Monday, July 20, 2009

IQ over education?

This is a nice controversial piece. Bruce Charlton argues that IQ and psychometric tests could be used to a much greater degree in the education system. This would cut out a lot of inefficiencies and shorten the amount of time we spent studying.

He argues that IQ is 80% hereditary, and that personality is 50%. So the basic make up of a person's intellect and inclinations is essentially a given from birth. A lot of what the education system does is determine which students are the most conscientious, and then give them a piece of paper so that employers know who to employ. This could be done much more efficiently by simply measuring IQ and doing psychometric tests in order to work out who would be the best fit for an employer. (Apparently the US Army already does this internally.)

Further, he argues that the way in which we think is essentially hard-wired - if someone isn't good at maths, then in the long-term, they are never going to learn to be much good at it. Much better, he says, to work out what people are good at, and then teach them that sort of stuff. He proposes that everyone learn a basic common curriculum, including literacy and numeracy. When they reach 16, they are sent into the world with their IQ and personality having being measured. These would be used to determine what career they should take. Further education would be completely content-focussed, rather than teaching how to think.

Definitely worth a read! Fat chance of it every happening, though.


  1. Personally, this sounds very dubious. An interesting book that you might want to read is Outliers. Most professional hockey and soccer players are born in January, February and March. Why? Because the teams are divided by year, and when they were very young, someone born at the beginning of the year had a slight developmental advantage over someone born at the end of the year. Throughout their amateur careers, these kids got more attention and encouragement, and thus ended up as professionals. A kid born on January 1 is much more likely to become a professional hockey player than one born on December 31.

    IQ is also hugely affected by maternal effects, the environment, and socio-economic status.

    Furthermore, the only thing that IQ tests measure is how good you are at completing an IQ test. Correlation is not causation.

    You don't want to teach people how to think? How to weigh up the evidence and use the scientific method? You just want to test how well a youngster can predict a visual pattern and then tell them they should be a plumber?

    I don't think that we should look to the US Army for any model of efficacy, efficiency, or evidence-based strategy.

  2. Hurrah! Discussion! :)

    I agree with you Lyds, but it was interesting to come across an alternative point of view.

    A recent study shows that the "teacher effect" on the literacy in the early years of childhood is no more than 8%. If I was a teacher I would be rather disheartened to hear that.

    What the IQ approach raises is that "teaching people how to think" may not actually be that effective. You can do it a little, but in the end it is their genes and family environment that are the major drivers. So surely we should concentrate on those factors, rather than on teaching, which seems to have a relatively minor effect?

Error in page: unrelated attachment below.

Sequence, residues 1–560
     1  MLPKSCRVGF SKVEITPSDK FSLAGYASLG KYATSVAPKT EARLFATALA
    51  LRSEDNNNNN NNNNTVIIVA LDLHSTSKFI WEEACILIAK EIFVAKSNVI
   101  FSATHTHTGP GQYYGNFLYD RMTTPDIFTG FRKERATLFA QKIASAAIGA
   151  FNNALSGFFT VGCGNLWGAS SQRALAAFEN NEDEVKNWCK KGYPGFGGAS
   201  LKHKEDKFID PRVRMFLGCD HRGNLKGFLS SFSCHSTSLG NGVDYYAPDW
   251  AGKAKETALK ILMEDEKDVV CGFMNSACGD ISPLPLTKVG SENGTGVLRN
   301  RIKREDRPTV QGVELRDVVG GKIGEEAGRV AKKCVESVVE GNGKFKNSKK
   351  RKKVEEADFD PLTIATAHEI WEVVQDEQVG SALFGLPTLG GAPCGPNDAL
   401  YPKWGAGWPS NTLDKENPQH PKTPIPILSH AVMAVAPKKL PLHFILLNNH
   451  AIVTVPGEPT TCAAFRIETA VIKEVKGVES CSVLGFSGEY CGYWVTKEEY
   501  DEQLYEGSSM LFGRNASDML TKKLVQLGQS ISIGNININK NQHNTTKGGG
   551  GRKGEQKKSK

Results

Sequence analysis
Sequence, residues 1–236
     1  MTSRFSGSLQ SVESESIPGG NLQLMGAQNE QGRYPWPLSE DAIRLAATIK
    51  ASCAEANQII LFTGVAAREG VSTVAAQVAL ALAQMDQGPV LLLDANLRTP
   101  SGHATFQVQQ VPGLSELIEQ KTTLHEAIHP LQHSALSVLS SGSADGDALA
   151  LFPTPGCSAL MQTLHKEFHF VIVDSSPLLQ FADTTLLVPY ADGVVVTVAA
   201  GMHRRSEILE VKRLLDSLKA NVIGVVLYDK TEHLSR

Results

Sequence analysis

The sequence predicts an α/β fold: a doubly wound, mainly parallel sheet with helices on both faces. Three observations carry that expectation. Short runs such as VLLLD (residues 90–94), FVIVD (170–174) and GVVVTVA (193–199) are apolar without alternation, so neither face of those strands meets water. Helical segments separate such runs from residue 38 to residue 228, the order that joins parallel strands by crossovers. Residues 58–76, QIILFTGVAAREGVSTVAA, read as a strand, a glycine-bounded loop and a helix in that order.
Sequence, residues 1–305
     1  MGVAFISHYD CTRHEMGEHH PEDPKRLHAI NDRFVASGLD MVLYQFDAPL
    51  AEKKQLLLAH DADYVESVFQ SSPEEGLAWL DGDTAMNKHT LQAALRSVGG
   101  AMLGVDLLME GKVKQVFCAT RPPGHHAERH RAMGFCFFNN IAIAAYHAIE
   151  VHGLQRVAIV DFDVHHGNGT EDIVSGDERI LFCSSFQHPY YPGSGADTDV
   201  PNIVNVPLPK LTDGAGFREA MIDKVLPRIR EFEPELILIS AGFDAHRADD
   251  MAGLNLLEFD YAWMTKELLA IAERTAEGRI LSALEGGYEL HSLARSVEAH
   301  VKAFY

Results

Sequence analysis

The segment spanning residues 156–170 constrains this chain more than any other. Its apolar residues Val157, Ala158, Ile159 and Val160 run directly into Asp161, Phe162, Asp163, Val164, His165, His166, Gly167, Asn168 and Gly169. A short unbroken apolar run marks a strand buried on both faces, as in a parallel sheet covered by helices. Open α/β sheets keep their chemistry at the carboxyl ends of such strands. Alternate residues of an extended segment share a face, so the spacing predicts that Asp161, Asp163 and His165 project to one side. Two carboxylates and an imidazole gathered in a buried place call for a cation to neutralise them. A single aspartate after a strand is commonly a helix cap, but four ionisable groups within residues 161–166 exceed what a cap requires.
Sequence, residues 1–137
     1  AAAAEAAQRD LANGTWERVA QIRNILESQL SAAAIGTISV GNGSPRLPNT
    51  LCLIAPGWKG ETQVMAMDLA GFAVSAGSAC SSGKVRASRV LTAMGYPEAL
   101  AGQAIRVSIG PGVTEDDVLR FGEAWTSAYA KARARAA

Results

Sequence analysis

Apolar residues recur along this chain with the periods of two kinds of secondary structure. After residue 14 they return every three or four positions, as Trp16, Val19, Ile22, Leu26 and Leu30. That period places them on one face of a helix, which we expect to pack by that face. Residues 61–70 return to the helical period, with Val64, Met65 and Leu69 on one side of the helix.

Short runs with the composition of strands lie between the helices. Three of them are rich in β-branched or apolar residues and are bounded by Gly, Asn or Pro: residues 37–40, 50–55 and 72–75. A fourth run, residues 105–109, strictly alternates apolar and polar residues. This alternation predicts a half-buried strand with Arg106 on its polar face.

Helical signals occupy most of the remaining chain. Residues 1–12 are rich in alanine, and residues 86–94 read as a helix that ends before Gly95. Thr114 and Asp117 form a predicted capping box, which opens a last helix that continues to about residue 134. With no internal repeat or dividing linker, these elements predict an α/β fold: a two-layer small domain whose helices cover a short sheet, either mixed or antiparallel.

You say IQ tests only measure the ability of of the person to do an IQ test. True. But schooling only tests the ability of a person to "be schooled". Having gone through 18 years of education, and done pretty well in the process, I became rather disillusioned towards the end that the marks I received were in any way meaningful. Perhaps there are more effective and efficient ways to determine how well a person is suited to a job, and what sort of vocation would make a person happiest.

    Good call on the US Army ...

  3. Interesting study about teachers, although it only looks for the differences between teachers at the same school. There might not be a "teacher effect", but there might be a "school effect".

    I agree that the family environment has a huge effect on a child's development. So we should ensure that all families have the knowledge and support to nurture their children as much as possible.

    I also agree that homework, memorization, and exams are not the best preparation for the real world, either.

    How do we find the right metric, and match people up with their dream jobs? I do not know.

  4. Some emailed me:

    Just read your Bruce Charlton blog. He's probably right but I worry about the implications of this kind of scientology once put into the hands of political power mongers: it detracts from individual liberty and responsibility. Imagine if we identified the gene for paedophilia (for example). There'd be a lot of pressure to start screening (and maybe terminating!) foetuses. The long run implications are rather terrible, particularly when you accept that a statistically significant result doesn't preclude outliers (people who defy the predictions of their metric).